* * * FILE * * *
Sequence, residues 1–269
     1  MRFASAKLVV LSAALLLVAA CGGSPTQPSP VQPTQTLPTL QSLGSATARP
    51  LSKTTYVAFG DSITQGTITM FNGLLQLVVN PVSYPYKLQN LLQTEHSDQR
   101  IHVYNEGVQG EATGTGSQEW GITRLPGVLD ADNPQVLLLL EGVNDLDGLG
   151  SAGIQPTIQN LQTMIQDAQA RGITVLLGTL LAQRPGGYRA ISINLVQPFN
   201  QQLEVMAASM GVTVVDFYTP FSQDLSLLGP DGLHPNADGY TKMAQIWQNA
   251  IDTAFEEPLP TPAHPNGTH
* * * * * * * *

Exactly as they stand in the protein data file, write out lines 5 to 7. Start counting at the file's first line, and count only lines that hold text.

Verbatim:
   151  SAGIQPTIQN LQTMIQDAQA RGITVLLGTL LAQRPGGYRA ISINLVQPFN
   201  QQLEVMAASM GVTVVDFYTP FSQDLSLLGP DGLHPNADGY TKMAQIWQNA
   251  IDTAFEEPLP TPAHPNGTH